This time there would be no pre-game festivities. No fish, here. No acrimonious rivalry. Fans kept filing in through the middle of the first period. Normalcy returned to Lynah Rink on Saturday evening, one day after Cornell destroyed the hated Crimson of Harvard, 6-3. But despite the lesser amount of fanfare, the Red (15-5-1, 11-2-1, ECAC) played well enough to defeat visiting Brown (8-11-2, 4-8-2, ECAC), 2-0. The victory extends Cornell’s win streak to six, its longest since the 1987-88 season. The win, coupled with a Harvard to leaves the Red atop the ECAC; five points in front of its nearest competition. After a battle with the hated Crimson the previous evening, it was natural that the Red did not enter the match with Brown with equal intensity. Yet, despite having nothing to show for it on the scoreboard, the Red dominated the first period, out-shooting the Bears, 13-2. “It was not quite the start we had last night, but I was pleased coming out of the first period that we responded the way we did,” head coach Mike Schafer ’86 said. “Everyone in town was talking about the game last night. It was such a great sporting event. It was difficult for everyone to focus on the task at hand, but we outshoot them 13-2. We didn’t give them very many scoring chances, if any,” he continued. Cornell controlled the play early on and garnered a few chances in the middle of the first stanza. Sophomore Ryan Vesce had a beautiful feed from the net for classmate Scott Krahn, who fanned on a shot from just outside the left side of the crease. The Red used strong play along the boards to generate most of its 25 shots. Particularly in the opening period, Brown appeared to keep the middle open allowing the Red to set up several shots in the slot. “I think we moved our feet a lot better in the offensive zone than in the past. We forced the other team to move their feet defensively. We forced them to make decisions,” Schafer said when asked to comment on his team’s offensive breakout. The second period proved to be the decisive one though. “We knew we dominated the first period. We wanted to get the first goal and be more thorough around the net, and we did that,” junior forward Sam Paolini said, explaining the team’s mindset going into the middle frame. It didn’t take long for the Red to accomplish that mission. Just over five minutes in, senior Denis Ladouceur eluded a defender behind the net and slid the puck in front to a wide-open Matt McRae who lifted it past Brown net minder Yann Danis for the 1-0 lead. At the other end of the ice, Cornell freshman goalie David LeNeveu continued his stellar play. Brown was unable to score, despite having three power plays in the period, largely due to the efforts of the rookie sensation. He might have posted one of the best-looking saves of the season at the 9:21 mark, when he was able to get his blocker up on a blistering wide-angle shot off the stick of Bear’s defenseman Paul Esdale. “The key to the game was that David played well in the second period and that we capitalized on a few of our opportunities. He was very solid throughout the course of the night,” Schafer said. Paolini agreed, adding, “[LeNeveu] played super. That’s all you can really ask out of a freshman. He’s on fire.” A modest LeNeveu accorded most of the credit for his outstanding effort to his teammates. “It feels great,” he said after posting his second shutout of the season. “Guys are playing very well and that helps in keeping my shots down. Any shots I do get, the rebounds are cleared fairly easily. The guys are playing great in front of me.” The Red was able to afford itself a little breathing room when freshman defenseman Jeremy Downs tallied his first collegiate goal at the 16:10 mark. Centerman senior Krzysztof Wieckowski sent the puck toward the net where it deflected off the skate of the rookie. Initially the tally was scored as Wieckowski, but the senior informed the scorer that Downs should be credited with the goal. “Makes you more comfortable on defense in a close game. It puts a damper on Brown’s play,” the freshman said of his marker. The circumstances might have been less than ideal for the milestone, but Downs, who was presented with the goal-scoring puck by Wieckowski was no less satisfied. “I pictured it me beating five guys down the ice and making some sick move and putting it in the top corner. I’ll take it, it’s my first one so I’ll take anything,” Downs said. Brown, who has developed a reputation lately as a Goliath slayer, having defeated No. 9 UMass-Lowell and then No. 2 St. Cloud. Play broke down a bit as the third period wore on. The Bears, not usually regarded as a scrappy club appeared frustrated but despite five chances, the home side was unable to convert on the power play which went a less than stellar one-for-nine on the weekend. The unit has struggled all season with consistency Wieckowski expressed optimism with the No. 5 power play unit also. “Teams are starting to camp out on some of our players [on the power play], but we adjust to that. There are five guys out there who can score goals and there are only four guys on their team so there is not much luck on their side,” he reasoned. On the other side of the puck, the Cornell penalty kill was in fine form, stymieing five Brown power plays, including two crucial ones in the final period. The unit has surrendered just seven man-advantage goals on the season is best in the ECAC. “The penalty kill was great tonight. It’s fortunate that it was. Brown has a good power play. They move the puck around pretty well,” Schafer said. Overall, Cornell’s defense was equally sweltering. The Red was outstanding the neutral zone, thwarting nearly every chance Brown had to set up. Having won six in a row, the icers are playing with an unmistakable swagger. Said Paolini: “We’re riding high right now. We really feel invincible. We feel like we can beat any team in the nation. It’s a great feeling knowing that guys are going to step up. We’re just going to keep adding to the fire.”Archived article by Gary Schueller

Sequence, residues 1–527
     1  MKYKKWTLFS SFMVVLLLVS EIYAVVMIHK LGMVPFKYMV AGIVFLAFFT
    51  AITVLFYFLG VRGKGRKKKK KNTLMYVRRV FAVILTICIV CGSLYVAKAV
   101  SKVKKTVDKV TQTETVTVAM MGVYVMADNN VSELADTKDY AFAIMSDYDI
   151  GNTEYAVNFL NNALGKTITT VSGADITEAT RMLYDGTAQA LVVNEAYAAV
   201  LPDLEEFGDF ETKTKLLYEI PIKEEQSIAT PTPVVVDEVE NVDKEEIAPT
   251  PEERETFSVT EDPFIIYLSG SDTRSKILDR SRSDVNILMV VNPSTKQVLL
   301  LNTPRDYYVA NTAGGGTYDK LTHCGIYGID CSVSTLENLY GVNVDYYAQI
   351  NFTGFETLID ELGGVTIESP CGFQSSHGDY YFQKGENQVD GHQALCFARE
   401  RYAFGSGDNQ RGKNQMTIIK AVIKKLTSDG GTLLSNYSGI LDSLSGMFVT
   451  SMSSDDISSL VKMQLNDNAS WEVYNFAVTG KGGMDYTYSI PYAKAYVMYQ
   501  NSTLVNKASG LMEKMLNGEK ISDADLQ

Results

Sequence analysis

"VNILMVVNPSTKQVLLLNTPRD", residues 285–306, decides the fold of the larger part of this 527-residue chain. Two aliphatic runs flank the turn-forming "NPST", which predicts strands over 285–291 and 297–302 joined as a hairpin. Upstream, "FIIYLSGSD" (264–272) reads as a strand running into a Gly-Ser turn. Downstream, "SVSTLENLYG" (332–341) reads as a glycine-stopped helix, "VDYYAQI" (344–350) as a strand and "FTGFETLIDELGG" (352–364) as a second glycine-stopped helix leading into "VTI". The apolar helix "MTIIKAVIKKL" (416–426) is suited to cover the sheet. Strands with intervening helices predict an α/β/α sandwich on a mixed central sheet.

February 4, 2002
NEW YORK CITY — It turns out that Manhattan was prepared to accommodate dissent as well as big business after all. Fears that the World Economic Forum would spark civil unrest and result in a violent clash between protesters and the New York Police Department never materialized during the five-day anti-globalization convergence that concludes today. Instead, arrests were for mostly minor offenses and numbered in the dozens rather than the hundreds among protesters whose numbers were estimated between 7,000 and 15,000. Activists opted by and large to attend public forums on Thursday and Friday in lieu of street demonstrations. Groups, including Students for Global Justice and International A.N.S.W.E.R. (Act Now to Stop War and End Racism), constructed a highly organized calendar of meetings and rallies to prepare protesters with discussions on various topics related to globalization. One series of meetings, called a “Public Eye on Davos Conference,” addressed social and environmental impacts of corporate globalization, export credit agencies (such as the International Monetary Fund), corporate power in global governance and impacts on the lives of women. Highly critical of the mass media, many demonstrators throughout the weekend distributed their own fliers and newspapers. Others snapped photographs and scribbled notes for independent documentation of the events. “The main issue [appearing in the corporate media] is the terrorists, but a lot of people are getting laid off,” said Greg Hardison, a union steward for the Service Employees International Union (SEIU) Local 73 in Chicago, Ill. Hardison said he traveled with other SEIU members from the midwest, because he was seeking peace. Gesturing to the crowd around him along Park Ave. across from the Waldorf-Astoria hotel, Hardison pointed to an assortment of placards that were as diverse as the people carrying them — but also urging for peace. Clusters of people had begun assembling near the site of the World Economic Forum meetings in lower Manhattan at around 9 a.m. Saturday under signs calling for an end to U.S. military action in Afghanistan and the Middle East. There were the two elderly women wearing sweaters that read, ‘Grandmothers for Peace;’ signs demanding ‘Money for Wages, Not for War;’ and ‘Free Mumia,’ (Mumia Abu Jamal, the death row inmate in Pennsylvania). All the while, protesters intermingled behind police barricades between 50th and 53rd Streets. Sarah Tew, a theatre teacher at the Hyde School in Woodstock, Conn. traveled with 13 of her high school students to attend the street demonstrations. The group stayed at the home of one student’s parents Friday night in Scarsdale, N.Y. and then managed their way to Park Ave. in time for a mid-day rally Saturday. “There were a lot of public put-downs in school meetings,” Tew said, after she informed parents and teachers that she would help bring the students to Manhattan. “Many from the school disapproved because they claimed that the protesters didn’t stand for anything.” As a result, the Hyde School students decided to bring along a banner that read ‘United We Stand, Divided We Fall’ — including elements of disunity that they came up with. Bear Kittay, a 16-year-old Hyde School student, pointed to the words ‘materialism’ and ‘militarism’ as he and his friends unfurled their sign. “It’s almost like our personal selfishness turns into corporate greed,” he explained. Along with the critique of global capitalism, scores of protesters turned out to express solidarity with the victims of the World Trade Center attacks. Several wore hats bearing the New York Fire Department logo and denounced terrorism in its many forms. Martha Grevatt, a volunteer with International A.N.S.W.E.R., wore an arm band to identify herself as part of the event security. While she stood across the barricade from the police, Grevatt described how this protest, in post-Sept. 11 New York, stood apart from earlier demonstrations in Quebec City, Quebec and Genoa, Italy — and especially in Davos, Switzerland. “The weekend’s events were more peaceful,” she said. Gazing at a nearby sign, she signaled that while only time will tell where the movement will lead, activists were correct to insist, as the sign declared: ‘Another World Is Possible.’Archived article by Matthew Hirsch